Saba Software Inc. reported flat first-quarter revenue Tuesday, indicating that the slowing demand for enterprise software has finally reached the online learning market. The supplier of learning-management systems also reported that Sebastian Grady, president and chief operating officer, would resign immediately for personal reasons.
During a conference call, CEO and founder Bobby Yazdani said that although Saba added 16 new customers in the first quarter of fiscal year 2002, sluggish corporate spending resulted in flat revenue. "We've seen a significant delay on spending decisions," he said of potential customers, noting that three multimillion-dollar deals were put on hold in the first quarter.
For the quarter ended Aug. 31, Saba reported a net loss of $11.2 million, or 25 cents a share, on revenue of $14.5 million. That compares with a net loss of $19.1 million, or 46 cents per share, on revenue of $10 million for the same period last year. In June, Saba reported a net loss of $10.4 million, or 24 cents a share, on revenue of $15.5 million for the fourth quarter of fiscal year 2001.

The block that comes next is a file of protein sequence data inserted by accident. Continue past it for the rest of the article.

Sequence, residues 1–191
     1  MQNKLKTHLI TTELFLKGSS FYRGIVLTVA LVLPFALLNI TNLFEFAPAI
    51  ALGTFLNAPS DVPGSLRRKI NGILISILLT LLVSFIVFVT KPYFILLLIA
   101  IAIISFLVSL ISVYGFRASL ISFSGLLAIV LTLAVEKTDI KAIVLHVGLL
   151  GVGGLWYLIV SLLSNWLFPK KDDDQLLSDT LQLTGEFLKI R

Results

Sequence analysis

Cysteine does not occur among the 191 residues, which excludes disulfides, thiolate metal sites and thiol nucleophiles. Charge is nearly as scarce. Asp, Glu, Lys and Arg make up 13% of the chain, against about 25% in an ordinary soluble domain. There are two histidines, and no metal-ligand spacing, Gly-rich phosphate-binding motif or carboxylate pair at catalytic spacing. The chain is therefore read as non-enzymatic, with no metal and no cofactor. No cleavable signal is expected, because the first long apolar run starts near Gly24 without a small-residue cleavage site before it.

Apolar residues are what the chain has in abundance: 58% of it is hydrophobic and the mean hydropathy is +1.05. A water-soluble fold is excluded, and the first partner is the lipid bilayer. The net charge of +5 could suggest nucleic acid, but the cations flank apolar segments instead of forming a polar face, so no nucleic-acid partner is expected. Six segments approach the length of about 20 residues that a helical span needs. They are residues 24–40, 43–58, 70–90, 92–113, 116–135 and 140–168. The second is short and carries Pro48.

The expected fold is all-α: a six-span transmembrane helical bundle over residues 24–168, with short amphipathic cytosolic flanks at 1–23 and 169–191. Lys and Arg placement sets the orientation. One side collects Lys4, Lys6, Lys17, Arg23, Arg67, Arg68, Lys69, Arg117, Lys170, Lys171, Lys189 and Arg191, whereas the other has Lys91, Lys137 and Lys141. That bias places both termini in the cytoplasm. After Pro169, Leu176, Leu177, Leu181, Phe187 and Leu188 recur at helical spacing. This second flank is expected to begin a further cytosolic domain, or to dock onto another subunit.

Ed Bierdeman, senior VP of analyst firm Moors & Cabot, sees some good news for Saba despite the flat quarter and thinks the overall outlook for the company is positive. As an example, he noted that during the quarter, Saba expanded its relationships with existing customers such as biotechnology developer Allos Therapeutics, General Motors, and Best Buy.
Bierdeman says, "Grady's departure is disconcerting, given that he was highly touted as a major player to management, but I'm confident they could continue successfully with their existing strong team."